It’s time to return to Arcadia Bay and pick up where we left off and see if the Life is Strange remains as beguiling as it was. Using a rewind time mechanic and showcasing some gorgeous hand-drawn art the first episode really stood out from the crowd and brought a fresh outlook to the episodic story led games we’ve seen with Telltale. We reviewed it previously and really enjoyed it. Now Episode Two (Out of Time) is out.
Once again you control Max, a student at an American University, this episode sees you further getting to grips with your time travel powers whilst navigating the social minefield of University life. The beauty of this game is the fact it revels in the hum drum and that makes it special. The first thing you’ll find yourself doing is gathering your toiletries in order to have a shower. Disarming nuclear bombs this is not, however in context of University life this works perfectly. Each location is peppered with items to read and interact with, and Max often makes interjections which add further colour to this world.
In Out of Time you really get to learn more about your friends, and some of the events you witnessed in Episode One come to play here. There is a reason the symbol of the butterfly is used throughout this game, and it’s the myriad of little choices you make throughout the game which send repercussions spreading out with unknown consequences. The repercussions of the decisions you made earlier on are handled intelligently and you begin to see deeper into the mystery surrounding the disappearance of Rachel Amber.
The same quibbles I had with the first game remain here. The lip synching is poor, and sometimes the words used are just a bit off. It’s likely the disconnect with the language use comes from the fact the developers are French writing about an American University, however once again the voice acting is top notch and rescues this from becoming an embarrassment. Couple this with wonderful art direction and considered choice of music and you have a game which is lovely to both look at and listen to.
This second episode moves things outside of campus a bit more. There is one scene in a diner which is wonderful to play through, making you feel like Bill Murray in Groundhog Day. A later playful scene in a scrap yard is also great to enjoy. In fact this game revels in letting you play with time, making little insignificant choices then changing them. Giving you the crutch of time travel in a safe environment and letting you explore different outcomes is a great way to build up a safety net. That is until the final act where things become terrific.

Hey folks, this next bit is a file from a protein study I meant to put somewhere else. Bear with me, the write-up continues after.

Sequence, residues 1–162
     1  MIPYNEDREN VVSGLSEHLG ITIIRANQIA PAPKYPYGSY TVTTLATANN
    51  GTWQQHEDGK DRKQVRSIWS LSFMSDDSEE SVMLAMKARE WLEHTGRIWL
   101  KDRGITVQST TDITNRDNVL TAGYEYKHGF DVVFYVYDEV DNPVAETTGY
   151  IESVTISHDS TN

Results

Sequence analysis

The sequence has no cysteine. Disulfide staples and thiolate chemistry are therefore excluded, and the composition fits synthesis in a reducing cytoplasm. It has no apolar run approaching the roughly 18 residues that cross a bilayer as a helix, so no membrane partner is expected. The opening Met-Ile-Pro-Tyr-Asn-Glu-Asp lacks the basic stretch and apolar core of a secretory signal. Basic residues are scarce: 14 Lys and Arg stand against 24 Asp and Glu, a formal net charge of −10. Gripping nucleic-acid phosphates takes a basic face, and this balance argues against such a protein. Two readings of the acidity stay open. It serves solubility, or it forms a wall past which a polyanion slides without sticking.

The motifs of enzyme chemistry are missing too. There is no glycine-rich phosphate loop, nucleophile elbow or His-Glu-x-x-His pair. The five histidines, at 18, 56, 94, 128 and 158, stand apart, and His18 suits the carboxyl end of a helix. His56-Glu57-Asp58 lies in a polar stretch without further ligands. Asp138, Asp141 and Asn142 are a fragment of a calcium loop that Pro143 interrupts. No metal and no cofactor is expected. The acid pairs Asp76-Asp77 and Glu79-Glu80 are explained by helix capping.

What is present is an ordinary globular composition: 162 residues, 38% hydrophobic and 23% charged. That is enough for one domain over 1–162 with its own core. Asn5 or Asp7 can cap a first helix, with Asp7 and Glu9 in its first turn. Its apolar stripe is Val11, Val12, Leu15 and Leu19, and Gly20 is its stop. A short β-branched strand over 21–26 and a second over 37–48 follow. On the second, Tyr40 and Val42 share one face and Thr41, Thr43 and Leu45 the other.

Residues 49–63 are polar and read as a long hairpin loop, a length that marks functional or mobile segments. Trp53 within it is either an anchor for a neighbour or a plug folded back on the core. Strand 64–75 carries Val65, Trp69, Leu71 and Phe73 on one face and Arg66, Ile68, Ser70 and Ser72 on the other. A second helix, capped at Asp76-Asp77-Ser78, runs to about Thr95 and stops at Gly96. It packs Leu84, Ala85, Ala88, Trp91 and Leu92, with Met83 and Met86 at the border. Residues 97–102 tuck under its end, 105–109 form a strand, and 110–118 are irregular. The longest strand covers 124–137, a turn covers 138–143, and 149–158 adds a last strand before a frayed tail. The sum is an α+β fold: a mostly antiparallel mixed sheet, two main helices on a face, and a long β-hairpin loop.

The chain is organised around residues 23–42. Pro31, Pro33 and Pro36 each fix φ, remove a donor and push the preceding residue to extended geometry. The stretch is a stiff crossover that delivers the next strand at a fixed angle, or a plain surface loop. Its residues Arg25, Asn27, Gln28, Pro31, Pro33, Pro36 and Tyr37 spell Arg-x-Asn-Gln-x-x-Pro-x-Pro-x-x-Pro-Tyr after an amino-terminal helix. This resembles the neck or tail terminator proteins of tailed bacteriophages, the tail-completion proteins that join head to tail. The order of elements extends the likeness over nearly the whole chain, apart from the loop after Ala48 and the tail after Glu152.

The final act makes you consider the decisions you made throughout the game, and shows you how the choices you make both intentionally in answering questions, and unintentionally by reading or not reading certain documents carry weight. In a very dramatic scene all the minor choices you’ve made count and whilst the outcome is massive, I never felt the developers had taken my choices away from me. I felt emotionally drained once the scene had completed, and was left contemplating how my real world actions can carry unknowable consequences.
As a second instalment to a fantastic game Out of Time had a lot to prove. It needed to keep the plot moving but retain the same high standard of storytelling and character building as the first. It had to demonstrate the time travel mechanic was more than just a gimmick, yet allow you to play with it some more. As a game it is a wonderful example in storytelling, handling some very difficult topics in a very deft way. Placing you in a recognisable world with a masterful use of cause and effect which you can actually relate to, there is very little to criticise this game for.